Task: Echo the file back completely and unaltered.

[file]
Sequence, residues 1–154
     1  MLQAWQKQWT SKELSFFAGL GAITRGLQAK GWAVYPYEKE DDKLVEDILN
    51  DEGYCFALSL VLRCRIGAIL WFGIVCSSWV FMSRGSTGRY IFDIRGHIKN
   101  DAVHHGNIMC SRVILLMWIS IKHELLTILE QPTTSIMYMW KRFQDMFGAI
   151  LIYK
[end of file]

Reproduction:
Sequence, residues 1–154
     1  MLQAWQKQWT SKELSFFAGL GAITRGLQAK GWAVYPYEKE DDKLVEDILN
    51  DEGYCFALSL VLRCRIGAIL WFGIVCSSWV FMSRGSTGRY IFDIRGHIKN
   101  DAVHHGNIMC SRVILLMWIS IKHELLTILE QPTTSIMYMW KRFQDMFGAI
   151  LIYK